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Le sujet 2008 - Bac ES,Bac S - Anglais LV1 - Expression
Le premier sujet d'expression est double. Dans un premier
temps, on vous demande une lettre liée au texte qui ne pose aucune
difficulté majeure. La seconde partie ouvre sur une argumentation,
une question en forme de débat qui nécessite un esprit structuré.
Fiona Sweeney shoved a pair of rolled-up jeans into the corner of her purple duffel
bag. Outside her bedroom window, a siren's wail sliced through the white noise of a wet
snowfall. Those eerie man-made moans were part of New York City's wallpaper, a signal
of trouble commonplace enough to pass unnoticed. But Fi registered this one, maybe
5 because she knew she wouldn't be hearing sirens for a while.
She turned her attention back to her bag, which still had space. What else should she
take? Lifting a framed snapshot, she examined her mother as a young woman, wading
into a stream, wearing rubber boots and carrying a fishing pole. Fi cherished the
photograph; in real life, she'd never known her mother to be that carefree. The mother Fi
10 had known wouldn't want to go to Africa. In fact, she wouldn't want Fi to go. Fi put the
picture facedown and scanned the room, her attention drawn to a worn volume of Irish
poetry by her bedside. She tucked it in.
"How about the netting1?" Chris called from the living room where he sat with Devi.
"Already in," Fi answered.
15 "And repellent?" asked Devi.
"Yes, yes." Fi waved her hand as though shooing away a gnat—a gesture that Chris
and Devi couldn't see from the other room. "Should have kept my mouth shut," she
Early on in her research about Kenya, she'd discovered that the country's annual
20 death toll from malaria was in the tens of thousands. She had pills; she had repellents;
logically, she knew she'd be fine. Still, a figure that high jolted her. She became slightly
obsessed and—here's the rub—discussed it with Chris and Devi. Mbu—mosquito—had
been the first Swahili word she'd learned. Sometimes the insects even dive-bombed into
her nightmares. Eventually, mosquitoes became a metaphor for everything she feared
25 about this trip: all the stories she'd read about a violent and chaotic continent, plus the
jitters that come with the unknown.
And what wasn't unknown? All she knew for sure, in fact, was why she was going. Fi's
mom had never been a big talker, but she'd been a hero, raising four kids alone. Now it
was Fi's turn to do something worthwhile.
30 "Fi." Chris, at the door of the bedroom, waved in the air the paper on which he'd
written a list of all the items he thought she should bring and might forget. Money belt.
Hat. Granola bars. "Have you been using this?" he asked haIf-mockingly in the tone of a
"I hate lists," Fi said.
35 He studied her a second. "OK," he said. "Then, what do you say, take a break?"
"Yeah, c'mon, Fi. We don't want to down all your wine by ourselves," Devi called from
the living room, where an Enya CD played low.
Pulling back her dark, frizzy hair and securing it with a clip, Fi moved to the living room
and plopped onto the floor across from Devi, who sprawled2 in a long skirt on the couch.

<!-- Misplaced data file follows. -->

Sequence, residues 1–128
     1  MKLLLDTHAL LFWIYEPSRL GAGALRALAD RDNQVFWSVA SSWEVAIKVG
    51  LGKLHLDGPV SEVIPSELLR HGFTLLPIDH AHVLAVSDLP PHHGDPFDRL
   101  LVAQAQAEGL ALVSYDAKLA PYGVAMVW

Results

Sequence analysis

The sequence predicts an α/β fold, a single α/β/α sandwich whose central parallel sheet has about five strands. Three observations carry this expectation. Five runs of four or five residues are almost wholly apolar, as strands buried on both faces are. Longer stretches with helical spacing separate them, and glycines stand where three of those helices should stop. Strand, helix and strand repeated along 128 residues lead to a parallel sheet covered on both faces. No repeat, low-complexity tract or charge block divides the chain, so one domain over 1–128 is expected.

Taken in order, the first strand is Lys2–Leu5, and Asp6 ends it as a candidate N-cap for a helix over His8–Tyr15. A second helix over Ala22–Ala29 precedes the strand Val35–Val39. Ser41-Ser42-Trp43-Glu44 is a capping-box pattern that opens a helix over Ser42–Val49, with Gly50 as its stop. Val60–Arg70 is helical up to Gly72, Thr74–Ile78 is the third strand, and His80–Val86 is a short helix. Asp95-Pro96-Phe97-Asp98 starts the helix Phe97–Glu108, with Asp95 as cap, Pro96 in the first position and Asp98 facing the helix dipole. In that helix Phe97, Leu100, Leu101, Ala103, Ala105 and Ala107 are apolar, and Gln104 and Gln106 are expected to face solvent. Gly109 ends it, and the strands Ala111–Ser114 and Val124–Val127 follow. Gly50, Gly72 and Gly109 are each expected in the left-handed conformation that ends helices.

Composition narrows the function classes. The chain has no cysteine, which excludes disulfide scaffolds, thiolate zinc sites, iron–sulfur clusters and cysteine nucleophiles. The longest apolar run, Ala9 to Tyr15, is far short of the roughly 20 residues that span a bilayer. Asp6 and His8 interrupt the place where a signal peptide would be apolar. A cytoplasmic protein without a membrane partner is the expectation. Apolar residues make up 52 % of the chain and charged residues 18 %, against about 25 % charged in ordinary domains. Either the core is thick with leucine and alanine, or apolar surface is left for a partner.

40 Chris poured Fi a glass of cabernet and sat in the chair nearest her. If they reached out,
the three of them could hold hands. Fi felt connected to them in many ways, but at the
same time, she was already partly in another place and period. A soft light fell in from the
window, dousing the room in a flattering glow and intensifying the sensation that
everything around her was diaphanous, and that she herself was half here and half not.
45 "You know, there's lots of illiteracy in this country," Devi said after a moment.
"That's why I've been volunteering after work," Fi said. "But there, it's different.
They've never been exposed to libraries. Some have never held a book in their hands."
"Not to mention that it's more dangerous, which somehow makes it appealing to Fi,"
Chris said to Devi, shaking his head. "Nai-robbery."
50 Though he spoke lightly, his words echoed those of Fi's brother and two sisters—
especially her brother. She was ready with a retort, "I'll mainly be in Garissa, not Nairobi,"
she said. "It's no more dangerous there than New York City. Anyway, I want to take some
risks—different risks. Break out of my rut. Do something meaningful." Then she made her
tone playful. "The idealistic Irish. What can you do?"
55 "Sometimes idealism imposes," Chris said. "What if all they want is food and
"You know what I think. Books are their future. A link to the modern world." Fi grinned.
"Besides, we want Huckleberry Finn to arrive before Sex in the City reruns, don't we?"
Devi reached out to squeeze Fi's shoulder. "Just be home by March."
1 net to protect oneself against mosquitoes
2 (here) sit or lie casually, in a relaxed manner
The Camel Bookmobile, Masha Hamilton, 2007
Choose subject 1(a+b) or subject 2.
a) Write the letter the main character sends to a friend after living and working in Kenya for a few weeks. (150 words)
b) One of the characters suggests that all that people in developing countries want is "food and medecine" (l. 55). To what extent do you agree? (150 words)
Is it possible to combine idealism with a professional career? (300 words)